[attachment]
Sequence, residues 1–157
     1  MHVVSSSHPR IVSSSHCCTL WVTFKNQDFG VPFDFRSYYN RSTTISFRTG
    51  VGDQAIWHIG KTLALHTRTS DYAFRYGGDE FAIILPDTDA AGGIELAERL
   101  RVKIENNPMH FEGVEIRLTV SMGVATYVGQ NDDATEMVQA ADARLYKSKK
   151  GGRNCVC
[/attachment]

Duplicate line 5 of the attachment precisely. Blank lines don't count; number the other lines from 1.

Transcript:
   151  GGRNCVC